them. Al­though I can, at least, iden­tify the use­ful end of a ham­mer from the han­dle, my work­shop skills are very, very ba­sic. By chance, Michael Clev­er­ley of Clev­er­ley Re­paired Cars – who Editor Ben­nett uses to fet­tle his 996, and both of us rely on for tech­ni­cal ad­vice on an­other CHP mag we work on, To­tal MX-5 – had a gap in his oth­er­wise rammed sched­ule. Michael has pre­vi­ously sorted out the sus­pen­sion ge­om­e­try on my car as a means to al­le­vi­ate the chronic front tyre wear, so I was happy he could at­tend to the brakes, not least be­cause he’s a metic­u­lous en­gi­neer, and also be­cause he likes my car.

With the front wheels off he com­forted me by say­ing that if you sim­ply looked at the out­side faces of the discs there’d be no rea­son for think­ing there was any­thing awry. But with the Boxster up on the ramp there was the chance to look at the in­ner faces and they were, well, chewed up and skanky. PIE’S shout of ‘get ’em out’ was on the money. Not that it was so sim­ple…

The driver’s side caliper had a re­cal­ci­trant bolt that re­quired a dous­ing of old en­gine oil to free up be­fore it could be re­moved from the car. Then the cor­roded brake pipe sheared off, leav­ing its threaded fix­ing com­po­nent em­bed­ded in the caliper. For­tu­nately Michael had what I would call a ‘top­i­cal’ heat gun – a metal coil that heats up and can be ap­plied to a very lo­calised area, such as around a stub­born stub of bro­ken brake pipe – that helped con­vince the stick­ing thread to get twirling loose. He was then able to fash­ion a new brake pipe from cop­per tub­ing and at­tach it to the freshly re­leased fix­ture, ready for re­assem­bly.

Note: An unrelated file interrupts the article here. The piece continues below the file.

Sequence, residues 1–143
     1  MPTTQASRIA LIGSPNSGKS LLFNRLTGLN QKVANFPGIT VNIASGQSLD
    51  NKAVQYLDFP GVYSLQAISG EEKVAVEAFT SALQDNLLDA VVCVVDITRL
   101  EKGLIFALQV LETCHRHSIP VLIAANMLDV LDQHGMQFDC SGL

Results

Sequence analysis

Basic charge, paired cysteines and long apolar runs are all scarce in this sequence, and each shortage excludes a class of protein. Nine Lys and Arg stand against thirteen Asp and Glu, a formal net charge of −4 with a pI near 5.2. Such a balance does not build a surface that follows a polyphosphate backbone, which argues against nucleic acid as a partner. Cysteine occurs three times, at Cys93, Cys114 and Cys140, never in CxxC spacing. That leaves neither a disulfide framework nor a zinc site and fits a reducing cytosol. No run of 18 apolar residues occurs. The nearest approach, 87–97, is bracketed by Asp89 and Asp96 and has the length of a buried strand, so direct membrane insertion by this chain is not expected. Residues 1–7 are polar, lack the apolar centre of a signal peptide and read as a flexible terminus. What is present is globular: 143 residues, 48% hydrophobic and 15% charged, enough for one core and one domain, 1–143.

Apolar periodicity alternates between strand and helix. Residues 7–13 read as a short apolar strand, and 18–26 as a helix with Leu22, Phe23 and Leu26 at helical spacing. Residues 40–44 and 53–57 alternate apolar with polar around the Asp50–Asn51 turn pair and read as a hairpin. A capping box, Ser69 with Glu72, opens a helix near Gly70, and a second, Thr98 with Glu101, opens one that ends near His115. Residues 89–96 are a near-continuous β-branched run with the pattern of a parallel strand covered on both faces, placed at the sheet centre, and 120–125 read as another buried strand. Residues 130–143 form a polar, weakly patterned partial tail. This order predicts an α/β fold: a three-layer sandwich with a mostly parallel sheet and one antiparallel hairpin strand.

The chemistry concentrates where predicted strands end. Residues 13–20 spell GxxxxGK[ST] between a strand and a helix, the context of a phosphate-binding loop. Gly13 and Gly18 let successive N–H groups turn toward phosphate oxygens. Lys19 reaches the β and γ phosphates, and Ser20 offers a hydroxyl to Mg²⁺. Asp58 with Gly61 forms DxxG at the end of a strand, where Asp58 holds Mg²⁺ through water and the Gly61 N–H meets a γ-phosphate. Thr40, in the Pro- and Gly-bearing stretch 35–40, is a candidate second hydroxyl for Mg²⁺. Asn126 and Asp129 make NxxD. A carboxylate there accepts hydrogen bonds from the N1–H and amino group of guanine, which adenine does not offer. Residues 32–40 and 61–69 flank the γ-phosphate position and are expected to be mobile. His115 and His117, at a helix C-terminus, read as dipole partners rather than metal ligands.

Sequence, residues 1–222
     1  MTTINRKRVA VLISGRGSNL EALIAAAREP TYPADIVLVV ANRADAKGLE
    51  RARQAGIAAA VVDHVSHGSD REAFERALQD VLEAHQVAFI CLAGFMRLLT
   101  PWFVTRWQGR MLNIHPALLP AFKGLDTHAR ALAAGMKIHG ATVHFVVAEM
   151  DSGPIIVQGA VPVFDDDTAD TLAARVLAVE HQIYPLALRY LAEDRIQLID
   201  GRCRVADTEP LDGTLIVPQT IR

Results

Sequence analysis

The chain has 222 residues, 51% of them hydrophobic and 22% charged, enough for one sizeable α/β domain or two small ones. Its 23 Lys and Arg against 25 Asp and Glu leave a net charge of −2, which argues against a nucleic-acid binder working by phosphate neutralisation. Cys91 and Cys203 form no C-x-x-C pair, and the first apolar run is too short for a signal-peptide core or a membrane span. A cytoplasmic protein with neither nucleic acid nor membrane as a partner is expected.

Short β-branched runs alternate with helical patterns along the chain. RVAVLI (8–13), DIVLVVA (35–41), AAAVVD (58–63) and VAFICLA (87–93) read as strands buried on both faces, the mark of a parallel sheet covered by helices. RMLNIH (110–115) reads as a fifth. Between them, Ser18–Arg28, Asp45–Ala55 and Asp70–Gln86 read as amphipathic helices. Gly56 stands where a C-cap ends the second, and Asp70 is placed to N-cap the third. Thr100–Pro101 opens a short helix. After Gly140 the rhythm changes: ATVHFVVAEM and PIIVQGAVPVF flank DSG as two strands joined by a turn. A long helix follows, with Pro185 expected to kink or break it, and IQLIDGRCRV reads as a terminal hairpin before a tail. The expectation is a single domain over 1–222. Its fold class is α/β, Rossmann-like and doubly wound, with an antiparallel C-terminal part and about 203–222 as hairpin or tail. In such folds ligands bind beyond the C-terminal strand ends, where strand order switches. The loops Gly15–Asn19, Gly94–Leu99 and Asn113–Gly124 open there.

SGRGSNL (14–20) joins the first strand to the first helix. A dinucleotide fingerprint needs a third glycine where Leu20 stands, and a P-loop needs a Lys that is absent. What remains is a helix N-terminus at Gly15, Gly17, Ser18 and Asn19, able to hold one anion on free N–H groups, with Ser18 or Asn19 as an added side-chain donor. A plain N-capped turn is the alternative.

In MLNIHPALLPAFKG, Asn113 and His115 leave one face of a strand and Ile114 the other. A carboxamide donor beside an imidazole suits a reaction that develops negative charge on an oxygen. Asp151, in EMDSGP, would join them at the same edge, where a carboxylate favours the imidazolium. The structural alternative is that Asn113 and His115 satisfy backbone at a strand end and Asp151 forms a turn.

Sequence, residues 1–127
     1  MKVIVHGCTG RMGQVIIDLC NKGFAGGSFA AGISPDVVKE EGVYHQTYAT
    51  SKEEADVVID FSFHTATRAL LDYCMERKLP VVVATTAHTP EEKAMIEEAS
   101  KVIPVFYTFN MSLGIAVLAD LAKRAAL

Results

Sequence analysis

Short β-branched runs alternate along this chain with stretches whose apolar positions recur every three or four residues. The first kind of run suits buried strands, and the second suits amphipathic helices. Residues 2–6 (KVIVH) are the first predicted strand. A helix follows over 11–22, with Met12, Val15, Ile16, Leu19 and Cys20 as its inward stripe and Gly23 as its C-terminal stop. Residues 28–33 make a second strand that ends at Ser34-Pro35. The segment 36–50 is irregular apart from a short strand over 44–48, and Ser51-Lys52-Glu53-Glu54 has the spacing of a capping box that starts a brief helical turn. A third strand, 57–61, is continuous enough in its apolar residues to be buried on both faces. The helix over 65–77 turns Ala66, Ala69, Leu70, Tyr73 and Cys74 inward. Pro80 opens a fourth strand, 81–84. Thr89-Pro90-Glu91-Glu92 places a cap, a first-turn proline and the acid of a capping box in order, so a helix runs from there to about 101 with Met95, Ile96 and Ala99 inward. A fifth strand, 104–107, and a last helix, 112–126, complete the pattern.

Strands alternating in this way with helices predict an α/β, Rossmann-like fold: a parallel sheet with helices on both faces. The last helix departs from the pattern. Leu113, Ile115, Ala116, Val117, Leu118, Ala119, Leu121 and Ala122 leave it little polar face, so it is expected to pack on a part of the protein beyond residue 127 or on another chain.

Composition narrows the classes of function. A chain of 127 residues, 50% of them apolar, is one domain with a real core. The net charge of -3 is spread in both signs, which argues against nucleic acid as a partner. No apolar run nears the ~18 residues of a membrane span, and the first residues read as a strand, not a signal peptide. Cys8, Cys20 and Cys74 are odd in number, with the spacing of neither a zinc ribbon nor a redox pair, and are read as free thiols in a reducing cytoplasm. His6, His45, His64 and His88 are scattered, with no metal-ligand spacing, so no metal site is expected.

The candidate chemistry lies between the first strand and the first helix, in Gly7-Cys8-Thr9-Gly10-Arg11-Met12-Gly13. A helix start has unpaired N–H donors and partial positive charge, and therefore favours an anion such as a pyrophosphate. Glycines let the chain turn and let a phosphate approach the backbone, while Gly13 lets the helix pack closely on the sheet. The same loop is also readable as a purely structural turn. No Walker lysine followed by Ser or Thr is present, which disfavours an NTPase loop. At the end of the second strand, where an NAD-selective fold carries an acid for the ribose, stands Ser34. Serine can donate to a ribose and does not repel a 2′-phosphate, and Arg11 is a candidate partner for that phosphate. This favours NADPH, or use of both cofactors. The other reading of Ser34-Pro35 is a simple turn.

Af­ter that mi­nor – by Michael’s stan­dards – hic­cough, the driver’s side (new) disc and caliper re­fit was a dod­dle. Re­mov­ing its near­side twin was far less prob­lem­atic, al­though Michael in­sisted on fab­ri­cat­ing a new brake fluid pipe for this side, too, that I vaguely re­call might have been an advisory on the last MOT. Re­gard­less, I’m glad that it was done. As I write this I’ve been bed­ding in the new discs and pads so can’t vouch for their emer­gency ef­fi­cacy, but what I can say is that the brake pedal is now an in­stru­ment that in­spires prompt con­fi­dence, where pre­vi­ously it was slightly numb.